Wednesday, April 5, 2017

Notorious Schoolmarms of the Old West
Blog #3  One-room Schoolhouse Teachers
            By Julie Hanks, Ph.D.  aka Jesse J Elliot

         Okay, I’m sorry, I couldn’t find any “notorious” schoolmarms or schoolmasters west of the Mississippi. Due to the strict rules educators (especially female educators) had to follow in order to maintain their employment, any scandalous behavior would have been met with immediate expulsion. Teachers could administer the birch to a student and still be in the right, but if the teachers were out after eight or missed church or flirted, they were fired.
            After Catharine Beecher lauded women’s ability to be natural teachers (and cheaper ones at that) in the classrooms, the amount of female teachers increased greatly. Between 1847 and 1858, more than 600 women teachers traveled across the untamed frontier to provide youngsters with an education, and the numbers grew rapidly in the decades to come, as women took advantage of one of the few career opportunities for respectable work for ladies of the era (Enss.) By 1890, approximately seventy five percent of school teachers were female, and though none were notorious, many were notable. Here are four of them.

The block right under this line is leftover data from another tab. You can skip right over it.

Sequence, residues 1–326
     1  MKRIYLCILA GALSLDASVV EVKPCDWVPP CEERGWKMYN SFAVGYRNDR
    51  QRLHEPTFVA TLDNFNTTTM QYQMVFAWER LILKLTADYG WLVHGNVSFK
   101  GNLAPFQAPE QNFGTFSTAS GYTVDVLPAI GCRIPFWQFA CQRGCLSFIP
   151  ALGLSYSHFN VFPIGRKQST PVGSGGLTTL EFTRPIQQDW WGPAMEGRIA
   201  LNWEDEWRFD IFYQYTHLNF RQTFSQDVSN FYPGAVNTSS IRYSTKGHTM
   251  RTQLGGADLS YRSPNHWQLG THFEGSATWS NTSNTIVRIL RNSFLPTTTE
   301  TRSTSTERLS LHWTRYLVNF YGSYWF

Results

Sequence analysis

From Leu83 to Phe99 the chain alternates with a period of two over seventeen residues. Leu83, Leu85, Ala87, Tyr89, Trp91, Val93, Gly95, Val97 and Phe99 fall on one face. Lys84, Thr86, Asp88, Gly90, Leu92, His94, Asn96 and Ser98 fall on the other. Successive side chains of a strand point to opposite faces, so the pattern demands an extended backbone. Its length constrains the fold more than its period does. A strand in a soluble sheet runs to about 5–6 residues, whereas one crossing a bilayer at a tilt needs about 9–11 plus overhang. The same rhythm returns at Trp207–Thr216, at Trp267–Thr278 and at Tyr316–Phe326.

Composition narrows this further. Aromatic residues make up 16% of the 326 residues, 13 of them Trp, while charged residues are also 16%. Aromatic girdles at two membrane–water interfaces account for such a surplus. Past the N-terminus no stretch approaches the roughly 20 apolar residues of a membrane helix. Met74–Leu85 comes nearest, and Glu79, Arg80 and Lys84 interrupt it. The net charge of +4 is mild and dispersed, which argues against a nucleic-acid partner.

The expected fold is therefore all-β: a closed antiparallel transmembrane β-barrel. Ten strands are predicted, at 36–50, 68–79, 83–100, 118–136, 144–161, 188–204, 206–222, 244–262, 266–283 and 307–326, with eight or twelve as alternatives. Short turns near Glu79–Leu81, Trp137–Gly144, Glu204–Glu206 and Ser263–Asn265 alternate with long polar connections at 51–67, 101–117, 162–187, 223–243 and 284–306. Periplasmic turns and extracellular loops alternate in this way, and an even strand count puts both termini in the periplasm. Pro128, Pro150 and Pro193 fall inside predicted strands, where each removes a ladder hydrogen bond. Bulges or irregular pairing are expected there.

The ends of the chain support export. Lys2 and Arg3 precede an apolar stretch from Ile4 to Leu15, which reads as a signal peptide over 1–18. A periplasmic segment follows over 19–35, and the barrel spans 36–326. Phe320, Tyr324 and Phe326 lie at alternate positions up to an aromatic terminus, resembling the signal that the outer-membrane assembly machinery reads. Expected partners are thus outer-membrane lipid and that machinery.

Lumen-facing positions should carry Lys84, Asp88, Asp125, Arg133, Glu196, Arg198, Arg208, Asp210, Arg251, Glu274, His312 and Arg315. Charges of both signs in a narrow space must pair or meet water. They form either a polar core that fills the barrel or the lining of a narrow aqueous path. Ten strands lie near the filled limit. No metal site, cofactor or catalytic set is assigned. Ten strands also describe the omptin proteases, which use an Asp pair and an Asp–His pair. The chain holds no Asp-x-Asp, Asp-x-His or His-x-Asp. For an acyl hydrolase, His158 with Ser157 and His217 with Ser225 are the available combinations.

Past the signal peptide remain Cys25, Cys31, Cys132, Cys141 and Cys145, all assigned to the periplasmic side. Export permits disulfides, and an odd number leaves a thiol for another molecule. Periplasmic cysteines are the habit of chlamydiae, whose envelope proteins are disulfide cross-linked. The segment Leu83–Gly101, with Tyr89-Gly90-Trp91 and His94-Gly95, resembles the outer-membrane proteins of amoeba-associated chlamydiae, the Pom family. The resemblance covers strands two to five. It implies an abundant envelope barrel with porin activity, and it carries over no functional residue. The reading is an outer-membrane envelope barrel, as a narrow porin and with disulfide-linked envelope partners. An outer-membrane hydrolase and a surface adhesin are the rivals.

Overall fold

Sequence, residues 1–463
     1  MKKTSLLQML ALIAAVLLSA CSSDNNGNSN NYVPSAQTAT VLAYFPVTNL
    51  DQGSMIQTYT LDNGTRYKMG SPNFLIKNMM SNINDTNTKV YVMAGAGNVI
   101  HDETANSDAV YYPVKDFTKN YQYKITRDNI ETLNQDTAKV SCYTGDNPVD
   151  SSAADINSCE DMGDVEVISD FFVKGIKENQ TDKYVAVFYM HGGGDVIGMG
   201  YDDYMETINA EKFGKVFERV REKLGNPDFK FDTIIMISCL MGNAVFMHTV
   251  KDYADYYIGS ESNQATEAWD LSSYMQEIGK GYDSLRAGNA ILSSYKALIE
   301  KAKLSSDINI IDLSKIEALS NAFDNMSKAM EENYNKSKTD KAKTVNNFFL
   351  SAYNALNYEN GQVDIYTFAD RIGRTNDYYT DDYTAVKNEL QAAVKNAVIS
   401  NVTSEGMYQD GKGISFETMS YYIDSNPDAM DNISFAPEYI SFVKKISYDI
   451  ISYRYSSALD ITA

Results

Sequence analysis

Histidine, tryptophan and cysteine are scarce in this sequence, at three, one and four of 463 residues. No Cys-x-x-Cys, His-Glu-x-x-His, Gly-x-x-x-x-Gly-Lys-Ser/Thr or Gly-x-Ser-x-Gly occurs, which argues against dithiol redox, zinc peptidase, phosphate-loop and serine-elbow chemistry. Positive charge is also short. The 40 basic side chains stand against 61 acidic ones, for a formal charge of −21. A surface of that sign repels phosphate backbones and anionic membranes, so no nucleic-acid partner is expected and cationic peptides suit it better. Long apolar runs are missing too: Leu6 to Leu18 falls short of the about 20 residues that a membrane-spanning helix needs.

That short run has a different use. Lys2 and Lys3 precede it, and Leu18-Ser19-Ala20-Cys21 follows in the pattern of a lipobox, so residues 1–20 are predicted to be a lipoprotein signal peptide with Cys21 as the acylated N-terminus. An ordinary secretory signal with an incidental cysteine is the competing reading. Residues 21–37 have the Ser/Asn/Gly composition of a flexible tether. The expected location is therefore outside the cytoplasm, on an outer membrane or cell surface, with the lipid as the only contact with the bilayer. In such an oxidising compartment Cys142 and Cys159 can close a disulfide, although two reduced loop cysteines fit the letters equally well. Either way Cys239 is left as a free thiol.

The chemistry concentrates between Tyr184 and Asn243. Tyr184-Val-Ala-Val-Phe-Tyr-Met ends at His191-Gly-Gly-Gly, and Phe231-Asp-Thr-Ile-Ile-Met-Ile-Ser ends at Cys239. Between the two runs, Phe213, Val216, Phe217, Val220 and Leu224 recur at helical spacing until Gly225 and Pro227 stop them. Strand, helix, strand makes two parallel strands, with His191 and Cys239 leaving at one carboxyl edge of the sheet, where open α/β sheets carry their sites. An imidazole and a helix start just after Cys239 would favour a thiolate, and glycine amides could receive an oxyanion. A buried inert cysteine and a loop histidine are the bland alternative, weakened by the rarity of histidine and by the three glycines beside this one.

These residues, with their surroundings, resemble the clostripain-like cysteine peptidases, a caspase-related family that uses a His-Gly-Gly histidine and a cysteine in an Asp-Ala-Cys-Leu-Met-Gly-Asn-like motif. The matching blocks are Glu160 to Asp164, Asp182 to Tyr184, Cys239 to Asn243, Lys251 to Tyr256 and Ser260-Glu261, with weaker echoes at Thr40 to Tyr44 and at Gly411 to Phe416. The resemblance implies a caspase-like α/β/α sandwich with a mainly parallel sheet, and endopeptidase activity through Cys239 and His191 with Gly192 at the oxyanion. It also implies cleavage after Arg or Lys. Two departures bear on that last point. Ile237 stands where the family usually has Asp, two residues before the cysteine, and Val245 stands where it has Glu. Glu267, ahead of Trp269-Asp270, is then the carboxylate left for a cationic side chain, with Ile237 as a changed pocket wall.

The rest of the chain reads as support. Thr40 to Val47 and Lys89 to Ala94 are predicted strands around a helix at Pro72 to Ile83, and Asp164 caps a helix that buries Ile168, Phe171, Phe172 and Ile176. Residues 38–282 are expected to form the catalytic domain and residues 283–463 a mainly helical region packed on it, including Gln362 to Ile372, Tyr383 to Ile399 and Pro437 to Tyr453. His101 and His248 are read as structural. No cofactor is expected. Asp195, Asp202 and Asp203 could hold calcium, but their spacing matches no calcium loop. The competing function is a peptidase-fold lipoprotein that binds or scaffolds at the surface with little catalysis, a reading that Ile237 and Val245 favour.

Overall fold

Sister Blandina-Builder of schools & hospitals; Friend to Billy the Kid and Happy Jack; passionate teacher and caregiver to SW Native Americans & Mexicanos

              In Trinidad, CO, Sister Blandina brought communities together to build schools and hospitals. Money was never available for schools, so when Sister Blandina arrived and saw the shack used for educating the children, she decided to draw attention to the need for a newer building. She took a crowbar and got on the roof and began to rip it apart. When a local rancher rode by, he asked what she was doing. She told him she was rebuilding the schoolhouse since this one was unacceptable. Shocked by this intrepid nun who spoke to him in his own language (Spanish) and realizing she was right, he asked her what she needed. Before the day was done, she had six men with supplies helping her. Apparently, few if any of her ventures were funded originally, but she refused to accept defeat and accomplished her goal each time one way or another with the help of the community.
            One day she was called to save the life of a youth. When Sister Blandina found him, he was slowly dying from gunshot wounds. None of the doctors would help him as he was an outlaw. Ironically his name was Lucky Jack. She took care of him for nine months until he died. For her kindness, Jack’s gang leader, another youth at the time, Billy the Kid, asked how he could return a favor.  The sister asked him not to harm the doctors who had refused to help Jack after she heard his plan to go back and scalp them. Billy the Kid promised her and never got his revenge, but as we all know, he did continue to rob stages, etc.